# Proving Convergence of Complex Series with Cauchy Condition | Homework Help

• gustav1139
In summary, the homework equation for sums of complex numbers is that the sum converges for every sequence of complex numbers with the property that the sum of the largest n terms is bounded below by the harmonic series.
gustav1139

## Homework Statement

Suppose that $\left\{a_{n}\right\}$ is a sequence of complex numbers with the property that $\sum{a_{n}b_{n}}$ converges for
every complex sequence $\left\{b_{n}\right\}$ such that $\lim{b_{n}}=0$. Prove that $\sum{|a_{n}|}<\infty$.

## The Attempt at a Solution

I tried going directly, at it, using the Cauchy condition on $\sum{a_{n}b_{n}}$ to try to figure something out about the $a_{n}$, but I got bogged down, and all the inequalities seemed to be pointing the wrong direction.
Then I tried to prove the contrapositive, that if $\sum{|a_{n}|}$ diverges, then there exists a sequence $\left\{b_{n}\right\}$ such that $\sum{a_{n}b_{n}}$ diverges as well. But I didn't get very far with that either.
I was able to prove it using the ratio test (i.e. if $\lim{\frac{a_{n+1}b_{n+1}}{a_{n}b_{n}}}=r$ where $r\in(0,1)$), but that's unfortunately not a necessary condition for convergence.
So I'm stuck, and frustrated :(

Last edited:
What you need to prove is that if $\displaystyle \int_{0}^{\infty} a(x)b(x)\,dx$ has a finite value, so must $\displaystyle \int_{0}^{\infty} |a(x)|\,dx$. You can get around the absolute value assuming that a(x) resolves to a non negative real number for every x.

Try using the first mean value theorem for integration.

Thanks! I'll give that a try, but isn't it an issue that they're complex sequences, if I want to use the MVT?

Also, why can you assume a(x) is a nonnegative real? Or perhaps I'm misunderstanding what you mean by resolve.

gustav1139 said:
Then I tried to prove the contrapositive, that if $\sum{|a_{n}|}$ diverges, then $\sum{a_{n}b_{n}}$ must diverge as well. But I didn't get very far with that either.
You didn't get the contrapositive quite right. Consider, for example, an=1 and bn=1/n2. $\sum{|a_{n}|}$ diverges but $\sum{a_{n}b_{n}}$ doesn't.

You should have said: if $\sum{|a_{n}|}$ diverges, then there exists a sequence {bn} such that ##\displaystyle\lim_{n \to \infty} b_n = 0## and $\sum{a_{n}b_{n}}$ diverges.

That said, I don't have any comment about how to actually do the proof. Just wanted to point out your error.

You could make a proof by contradiction. Suppose ## \sum | a_i|## diverges. Therefore you can find a sequence of integers ##k_n## such that the partial sums ## \sum_{k_{n-1}+1}^{k_n} | a_i| > 1## for n = 1, 2, 3 ...

Now choose a series of b's that converge to 0, such that ##\sum a_ib_i## diverges.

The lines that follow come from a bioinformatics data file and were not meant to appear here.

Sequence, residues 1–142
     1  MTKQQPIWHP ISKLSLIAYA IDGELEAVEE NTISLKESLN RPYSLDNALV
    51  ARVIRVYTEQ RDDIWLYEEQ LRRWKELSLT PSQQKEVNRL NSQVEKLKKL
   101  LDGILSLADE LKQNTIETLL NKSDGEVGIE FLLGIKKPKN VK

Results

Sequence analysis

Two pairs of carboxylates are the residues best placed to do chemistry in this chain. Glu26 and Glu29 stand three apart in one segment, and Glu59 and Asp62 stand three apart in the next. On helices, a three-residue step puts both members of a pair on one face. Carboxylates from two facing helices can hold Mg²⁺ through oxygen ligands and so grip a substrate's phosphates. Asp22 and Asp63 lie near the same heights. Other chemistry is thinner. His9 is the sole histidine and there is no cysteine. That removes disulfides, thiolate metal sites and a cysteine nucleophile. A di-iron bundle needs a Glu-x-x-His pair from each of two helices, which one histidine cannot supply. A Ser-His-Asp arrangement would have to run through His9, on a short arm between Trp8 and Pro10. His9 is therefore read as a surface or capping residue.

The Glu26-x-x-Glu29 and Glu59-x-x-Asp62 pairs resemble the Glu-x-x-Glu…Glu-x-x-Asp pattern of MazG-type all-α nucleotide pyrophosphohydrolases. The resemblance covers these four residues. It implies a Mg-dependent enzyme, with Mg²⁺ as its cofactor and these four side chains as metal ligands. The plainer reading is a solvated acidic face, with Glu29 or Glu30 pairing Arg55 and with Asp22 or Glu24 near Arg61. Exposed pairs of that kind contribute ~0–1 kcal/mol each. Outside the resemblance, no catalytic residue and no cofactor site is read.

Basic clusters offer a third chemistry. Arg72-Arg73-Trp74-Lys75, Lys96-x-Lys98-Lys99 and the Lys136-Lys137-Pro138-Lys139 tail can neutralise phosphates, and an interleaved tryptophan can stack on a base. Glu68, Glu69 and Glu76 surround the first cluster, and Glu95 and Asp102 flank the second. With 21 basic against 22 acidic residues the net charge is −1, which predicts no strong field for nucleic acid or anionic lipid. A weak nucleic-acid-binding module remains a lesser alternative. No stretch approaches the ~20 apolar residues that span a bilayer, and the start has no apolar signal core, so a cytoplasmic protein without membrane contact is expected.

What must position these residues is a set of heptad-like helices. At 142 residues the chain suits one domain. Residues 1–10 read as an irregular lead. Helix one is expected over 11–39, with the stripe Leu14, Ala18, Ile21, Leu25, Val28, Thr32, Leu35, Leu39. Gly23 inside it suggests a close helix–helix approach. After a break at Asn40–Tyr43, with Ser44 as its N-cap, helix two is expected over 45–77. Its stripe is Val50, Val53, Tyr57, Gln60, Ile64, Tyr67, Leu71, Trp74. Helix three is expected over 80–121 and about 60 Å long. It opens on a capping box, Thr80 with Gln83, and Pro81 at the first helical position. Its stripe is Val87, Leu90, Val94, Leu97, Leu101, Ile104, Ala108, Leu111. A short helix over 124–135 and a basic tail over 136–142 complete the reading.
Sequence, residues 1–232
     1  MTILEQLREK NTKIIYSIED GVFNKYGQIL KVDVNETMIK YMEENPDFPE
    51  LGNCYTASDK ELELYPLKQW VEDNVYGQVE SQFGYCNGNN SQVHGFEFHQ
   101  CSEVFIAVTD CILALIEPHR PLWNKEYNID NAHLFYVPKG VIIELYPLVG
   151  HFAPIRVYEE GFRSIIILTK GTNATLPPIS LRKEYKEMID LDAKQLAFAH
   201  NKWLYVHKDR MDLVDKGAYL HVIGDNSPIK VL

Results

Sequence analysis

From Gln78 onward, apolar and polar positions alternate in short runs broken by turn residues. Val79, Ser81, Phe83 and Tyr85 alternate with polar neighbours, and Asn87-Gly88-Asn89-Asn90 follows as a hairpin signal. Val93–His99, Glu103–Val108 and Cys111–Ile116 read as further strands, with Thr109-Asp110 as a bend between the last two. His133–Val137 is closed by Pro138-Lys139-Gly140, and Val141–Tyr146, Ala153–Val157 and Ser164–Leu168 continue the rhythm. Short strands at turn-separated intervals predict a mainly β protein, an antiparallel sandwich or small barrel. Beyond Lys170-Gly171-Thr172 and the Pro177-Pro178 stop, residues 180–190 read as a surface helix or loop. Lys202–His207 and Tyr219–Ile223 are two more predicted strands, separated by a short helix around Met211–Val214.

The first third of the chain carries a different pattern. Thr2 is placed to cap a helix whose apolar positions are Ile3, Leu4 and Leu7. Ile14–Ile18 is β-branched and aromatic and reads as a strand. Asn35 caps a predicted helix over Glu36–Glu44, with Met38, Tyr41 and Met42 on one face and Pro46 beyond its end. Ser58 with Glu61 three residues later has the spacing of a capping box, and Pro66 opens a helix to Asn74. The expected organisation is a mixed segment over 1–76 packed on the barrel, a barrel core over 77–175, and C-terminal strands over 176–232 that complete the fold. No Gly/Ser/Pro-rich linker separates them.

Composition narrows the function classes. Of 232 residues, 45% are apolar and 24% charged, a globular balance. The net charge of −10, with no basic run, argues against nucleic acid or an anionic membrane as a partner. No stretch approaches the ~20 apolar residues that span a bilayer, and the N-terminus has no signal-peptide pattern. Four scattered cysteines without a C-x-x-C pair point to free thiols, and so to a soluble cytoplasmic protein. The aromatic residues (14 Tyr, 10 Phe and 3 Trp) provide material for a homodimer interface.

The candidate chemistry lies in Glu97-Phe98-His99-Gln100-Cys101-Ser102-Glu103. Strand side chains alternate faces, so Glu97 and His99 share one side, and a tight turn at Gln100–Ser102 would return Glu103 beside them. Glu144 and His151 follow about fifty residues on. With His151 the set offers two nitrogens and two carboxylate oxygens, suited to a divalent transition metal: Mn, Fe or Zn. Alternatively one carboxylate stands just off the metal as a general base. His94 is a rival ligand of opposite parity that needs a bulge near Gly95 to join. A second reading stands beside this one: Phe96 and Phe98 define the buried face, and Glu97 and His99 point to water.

Hint: you can choose b's such that every term ##a_i b_i## is real and non-negative...

vela said:
You didn't get the contrapositive quite right.

Right you are. All fixed.
That (what you said) is however what I'd been working with so that's still no go...

AlephZero said:
You could make a proof by contradiction. Suppose ## \sum | a_i|## diverges. Therefore you can find a sequence of integers ##k_n## such that the partial sums ## \sum_{k_{n-1}+1}^{k_n} | a_i| > 1## for n = 1, 2, 3 ...

Now choose a series of b's that converge to 0, such that ##\sum a_ib_i## diverges.

Hint: you can choose b's such that every term ##a_i b_i## is real and non-negative...

Thanks! I think that broke it open. I had been restricting myself unnecessarily with what I could assume if ##\sum|a_i|## diverged.

I picked ##b_k = \frac{\overline{a_i}}{c_i |a_i|}## where the c's are the largest n such that i > k_n. Then the b's go to 0 since they do in modulus, and you can group the terms in the product series to give something bounded below by the harmonic series. boom.

## 1. What is a tricky complex series?

A tricky complex series is a mathematical concept that involves a sequence of complex numbers, where each term is related to the previous term by a certain pattern or rule. These series can be challenging to analyze and often require advanced techniques to determine their convergence or divergence.

## 2. How do you determine the convergence of a tricky complex series?

There are several tests that can be used to determine the convergence of a tricky complex series, such as the ratio test, the root test, and the comparison test. These tests involve evaluating the behavior of the series as the number of terms increases and can help determine if the series will converge or diverge.

## 3. What are some common examples of tricky complex series?

One common example of a tricky complex series is the Taylor series, which is used to represent a function as an infinite sum of terms. Another example is the geometric series, where each term is multiplied by a constant factor.

## 4. Can a tricky complex series have multiple points of convergence?

Yes, it is possible for a tricky complex series to have multiple points of convergence. This means that the series can converge to different values depending on the starting point or the conditions of the series. It is important to carefully analyze the behavior of the series to determine all possible points of convergence.

## 5. How are tricky complex series used in real-world applications?

Tricky complex series are used in a variety of scientific and mathematical fields, such as physics, engineering, and finance. They can be used to model and analyze complex systems, make predictions, and solve problems in these fields. For example, the Taylor series is used in physics to approximate the behavior of a system near a specific point, while the geometric series is used in finance to calculate compound interest.

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